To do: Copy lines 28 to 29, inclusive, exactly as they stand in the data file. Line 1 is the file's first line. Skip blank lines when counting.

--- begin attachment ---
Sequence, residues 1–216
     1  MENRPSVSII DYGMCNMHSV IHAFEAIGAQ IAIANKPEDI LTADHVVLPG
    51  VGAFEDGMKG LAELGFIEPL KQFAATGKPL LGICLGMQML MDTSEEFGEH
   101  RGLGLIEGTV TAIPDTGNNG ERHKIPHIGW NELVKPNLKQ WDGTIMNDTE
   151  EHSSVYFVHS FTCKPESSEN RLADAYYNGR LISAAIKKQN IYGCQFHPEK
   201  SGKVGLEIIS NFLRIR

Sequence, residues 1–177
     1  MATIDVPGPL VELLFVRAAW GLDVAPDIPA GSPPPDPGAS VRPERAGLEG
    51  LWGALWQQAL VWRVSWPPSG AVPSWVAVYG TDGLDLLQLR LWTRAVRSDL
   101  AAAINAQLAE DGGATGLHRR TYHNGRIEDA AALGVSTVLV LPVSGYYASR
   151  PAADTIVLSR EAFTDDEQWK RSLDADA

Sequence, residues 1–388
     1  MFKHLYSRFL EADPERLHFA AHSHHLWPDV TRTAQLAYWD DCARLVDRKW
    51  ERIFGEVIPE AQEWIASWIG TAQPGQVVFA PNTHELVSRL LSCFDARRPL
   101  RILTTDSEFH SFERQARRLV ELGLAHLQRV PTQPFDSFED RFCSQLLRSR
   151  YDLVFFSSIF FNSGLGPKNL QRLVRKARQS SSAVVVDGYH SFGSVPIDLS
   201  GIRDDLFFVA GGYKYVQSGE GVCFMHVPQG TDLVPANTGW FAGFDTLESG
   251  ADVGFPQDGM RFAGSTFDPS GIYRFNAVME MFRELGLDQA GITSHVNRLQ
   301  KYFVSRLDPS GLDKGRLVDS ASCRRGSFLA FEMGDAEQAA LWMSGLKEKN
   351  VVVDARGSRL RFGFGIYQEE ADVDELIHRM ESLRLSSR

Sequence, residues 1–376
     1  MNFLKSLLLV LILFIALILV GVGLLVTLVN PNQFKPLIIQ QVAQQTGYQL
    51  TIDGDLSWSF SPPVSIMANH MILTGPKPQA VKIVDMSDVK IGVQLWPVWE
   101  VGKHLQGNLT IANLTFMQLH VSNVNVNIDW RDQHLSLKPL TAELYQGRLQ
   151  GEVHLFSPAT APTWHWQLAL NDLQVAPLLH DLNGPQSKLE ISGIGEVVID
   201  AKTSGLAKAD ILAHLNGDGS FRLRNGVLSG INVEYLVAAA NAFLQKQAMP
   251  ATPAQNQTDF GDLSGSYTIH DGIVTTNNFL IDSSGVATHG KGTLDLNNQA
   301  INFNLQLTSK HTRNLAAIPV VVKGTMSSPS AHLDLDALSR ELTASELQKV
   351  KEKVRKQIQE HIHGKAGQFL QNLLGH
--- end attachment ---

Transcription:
   301  INFNLQLTSK HTRNLAAIPV VVKGTMSSPS AHLDLDALSR ELTASELQKV
   351  KEKVRKQIQE HIHGKAGQFL QNLLGH